Remembering that the people of God have a long history of straying from God’s desires for us, of choosing pretty much everything other than the ways of life, can shift our perspective on what is happening now. God never abandoned God’s people in the past, no matter what choices they made or how dire the consequences. Instead, there was always a call to repentance and repentance would lead to rebuilding and restoration. It’s hard to repent when we are busy matching anger for anger or fear for fear. It’s much easier to repent and begin again when we remember that God’s love is ever before us. We have the choice to live in that love and embody hope or to remain a part of the crowd as it pushes and pulls along destructive paths.

Doing what everyone else seems to be doing will not get us to the place where we can make necessary changes. Now is not the time to blend in and go along, hoping life will get better. Now is the time to act faithfully, risk standing out, and embrace those ways of life God continuously sets before us.

RCL – Year A – Sixth Sunday after Epiphany – February 12, 2016
Deuteronomy 30:15-20 or
Sirach 15:15-20
Psalm 119:1-8
1 Corinthians 3:1-9
Matthew 5:21-37

Photo: CC0 image by Pexels


Musings Sermon Starter Uncategorized

Choosing Life: Shouldn’t this be Easier?


“Choose life,” the prophet says. Choose life over the deadly ways of lesser gods. Choose life over all that shines, sparkles, and glitters. Choose life over what you possess and over what possesses you. It sounds so easy and desirable. Sure, until Jesus comes along and names the cost right out loud. If we truly choose life, we have to let go of everything.

Years ago I had a therapist who told me that the choice to live or die was mine. She told me that I could choose to continue the self-destructive behavior patterns of my eating disorder and die, or I could choose to change my thoughts and behaviors and live. She made it sound so simple and so enticing. I wanted to choose to live. What she didn’t tell me is that it would be hard and it would be the background music of my life. She didn’t tell me how many things in the world would conspire against my choices, especially when I chose life.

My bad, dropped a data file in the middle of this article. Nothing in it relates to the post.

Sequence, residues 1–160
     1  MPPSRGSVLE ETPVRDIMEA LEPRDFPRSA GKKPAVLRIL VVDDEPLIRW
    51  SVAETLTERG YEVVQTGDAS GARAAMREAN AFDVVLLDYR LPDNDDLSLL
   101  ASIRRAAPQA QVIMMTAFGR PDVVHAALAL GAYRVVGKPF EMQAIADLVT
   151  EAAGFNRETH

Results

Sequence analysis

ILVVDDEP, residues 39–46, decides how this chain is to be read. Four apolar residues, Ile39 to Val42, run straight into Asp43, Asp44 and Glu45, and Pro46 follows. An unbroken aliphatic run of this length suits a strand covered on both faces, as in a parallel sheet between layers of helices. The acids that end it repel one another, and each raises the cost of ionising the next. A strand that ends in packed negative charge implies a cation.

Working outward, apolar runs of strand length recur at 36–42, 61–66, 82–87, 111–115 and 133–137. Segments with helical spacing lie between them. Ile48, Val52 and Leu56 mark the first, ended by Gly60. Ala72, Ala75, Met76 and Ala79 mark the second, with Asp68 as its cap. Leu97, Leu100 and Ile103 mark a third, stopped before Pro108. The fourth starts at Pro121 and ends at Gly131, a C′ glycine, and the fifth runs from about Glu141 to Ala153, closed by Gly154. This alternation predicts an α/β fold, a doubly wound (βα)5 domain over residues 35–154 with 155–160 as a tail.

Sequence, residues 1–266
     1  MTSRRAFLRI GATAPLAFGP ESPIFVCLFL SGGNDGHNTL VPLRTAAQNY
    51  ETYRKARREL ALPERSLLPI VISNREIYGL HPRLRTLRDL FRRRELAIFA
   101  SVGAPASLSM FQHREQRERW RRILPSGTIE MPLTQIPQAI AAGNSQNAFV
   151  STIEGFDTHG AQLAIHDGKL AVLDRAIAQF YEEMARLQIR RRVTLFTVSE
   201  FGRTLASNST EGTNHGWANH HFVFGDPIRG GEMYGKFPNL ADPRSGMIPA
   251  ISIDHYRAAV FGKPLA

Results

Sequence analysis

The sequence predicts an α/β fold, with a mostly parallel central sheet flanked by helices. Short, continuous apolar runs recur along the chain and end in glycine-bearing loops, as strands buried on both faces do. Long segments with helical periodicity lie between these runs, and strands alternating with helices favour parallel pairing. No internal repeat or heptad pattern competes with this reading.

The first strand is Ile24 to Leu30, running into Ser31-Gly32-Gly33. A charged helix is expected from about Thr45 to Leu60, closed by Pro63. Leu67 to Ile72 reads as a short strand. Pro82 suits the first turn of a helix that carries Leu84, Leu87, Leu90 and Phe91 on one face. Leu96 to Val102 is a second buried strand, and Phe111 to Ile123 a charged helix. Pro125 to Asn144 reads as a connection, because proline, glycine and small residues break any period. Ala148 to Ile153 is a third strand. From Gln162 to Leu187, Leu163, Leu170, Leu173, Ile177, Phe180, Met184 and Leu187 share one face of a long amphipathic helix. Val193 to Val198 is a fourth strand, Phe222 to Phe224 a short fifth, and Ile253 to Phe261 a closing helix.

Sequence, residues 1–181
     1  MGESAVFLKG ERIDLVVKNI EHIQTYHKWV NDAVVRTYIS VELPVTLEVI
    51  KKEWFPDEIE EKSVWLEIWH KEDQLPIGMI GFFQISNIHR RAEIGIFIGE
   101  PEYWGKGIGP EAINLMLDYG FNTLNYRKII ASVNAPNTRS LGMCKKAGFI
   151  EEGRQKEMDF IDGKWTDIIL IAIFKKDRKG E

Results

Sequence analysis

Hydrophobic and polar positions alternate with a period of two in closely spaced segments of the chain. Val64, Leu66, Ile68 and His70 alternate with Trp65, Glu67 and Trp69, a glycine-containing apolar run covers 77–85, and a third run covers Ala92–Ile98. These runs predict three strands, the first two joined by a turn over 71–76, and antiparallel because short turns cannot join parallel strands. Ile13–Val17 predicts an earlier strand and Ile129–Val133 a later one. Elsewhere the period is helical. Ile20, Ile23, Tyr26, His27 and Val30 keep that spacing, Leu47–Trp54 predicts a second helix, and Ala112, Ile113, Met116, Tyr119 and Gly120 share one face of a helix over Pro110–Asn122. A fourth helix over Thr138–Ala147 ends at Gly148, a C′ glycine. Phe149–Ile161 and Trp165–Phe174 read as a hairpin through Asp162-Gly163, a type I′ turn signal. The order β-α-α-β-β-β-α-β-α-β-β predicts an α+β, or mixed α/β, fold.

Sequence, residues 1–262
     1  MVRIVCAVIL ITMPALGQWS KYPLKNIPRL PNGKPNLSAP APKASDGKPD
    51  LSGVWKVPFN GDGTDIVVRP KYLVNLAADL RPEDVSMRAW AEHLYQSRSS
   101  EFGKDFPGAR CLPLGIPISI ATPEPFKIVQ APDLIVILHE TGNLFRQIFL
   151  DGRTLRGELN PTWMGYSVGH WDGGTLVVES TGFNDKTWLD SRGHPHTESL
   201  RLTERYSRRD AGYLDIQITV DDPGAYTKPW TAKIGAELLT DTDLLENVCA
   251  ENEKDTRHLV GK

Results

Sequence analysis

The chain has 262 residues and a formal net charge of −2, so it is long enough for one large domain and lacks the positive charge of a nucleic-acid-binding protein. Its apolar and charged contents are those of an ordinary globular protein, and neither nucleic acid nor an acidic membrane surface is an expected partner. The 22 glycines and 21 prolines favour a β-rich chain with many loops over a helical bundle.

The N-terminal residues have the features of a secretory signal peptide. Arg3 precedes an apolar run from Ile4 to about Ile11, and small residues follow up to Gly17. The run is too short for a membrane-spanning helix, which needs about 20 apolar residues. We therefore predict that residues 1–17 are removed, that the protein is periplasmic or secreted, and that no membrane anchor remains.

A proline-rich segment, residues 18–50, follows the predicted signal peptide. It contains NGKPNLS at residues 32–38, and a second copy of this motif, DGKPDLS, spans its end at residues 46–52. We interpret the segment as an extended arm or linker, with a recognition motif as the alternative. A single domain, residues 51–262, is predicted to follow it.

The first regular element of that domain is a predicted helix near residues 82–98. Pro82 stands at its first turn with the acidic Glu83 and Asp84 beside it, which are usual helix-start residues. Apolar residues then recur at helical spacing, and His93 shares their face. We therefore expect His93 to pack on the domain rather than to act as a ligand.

During my second semester of college, I did start making healthier choices. However, there was a cost. Instead of focusing all my energy on food and the powerful cycle of starving, binging, and purging, I had to face the depression and trauma that led me down the eating disorder path. And it was ugly and painful and I didn’t want to deal with it. It was so much easier to “feel fat” than it was to feel pain, fear, and sadness. It was easier to run ten miles than it was to face the feeling of worthlessness that pursued me. It was easier to romance death than to embrace life. Embracing life meant accepting that the past could not be changed and that I had value as a human being, as a child of God. It also meant letting go of pain, anger, and fear. I had to let go of the very thing I thought defined me. Would people see me, recognize my suffering, if I weighed more than 100 pounds?

Choosing life was risky. I had to learn that I was more than a painful bundle of eating disordered thoughts and behaviors. I had to stop paying attention to the hyper-critical voices of self-hatred that had protected me from the intense pain of my childhood. Choosing life meant stepping out of the safety I had constructed and set out, instead, on a path that would lead me to discover just who it is that God created me to be.

Those early days of recovery were hard and painful beyond the words I have to describe them. In many ways they seem so distant from the person I am now. In other ways, they are closer than yesterday. Strangely, enough, I’m still not great at choosing life consistently. There are times when the eating disordered voices that still hum along in the back of my head get quite loud. It can take a lot of energy to ignore them sometimes. Though, choosing life is bigger than that these days.

Choosing life means letting go of the protections of privilege. Choosing life means taking a risk to try to alleviate someone else’s suffering and maybe getting it wrong. Choosing life means showing up to advocate for justice even when most would prefer to keep the systems of oppression in place. Choosing life means finding my own personal value without considering the numbers on the scale. Choosing life means letting go, every day, of the things I reach for to fill the empty places and define me to make room for the Spirit to move in my life in new ways. Choosing life means sitting still long enough to hear God’s voice and having the courage to respond. Choosing life means putting in the effort to live a life of love when it would be so much easier to give into the pervasive culture of anger and fear.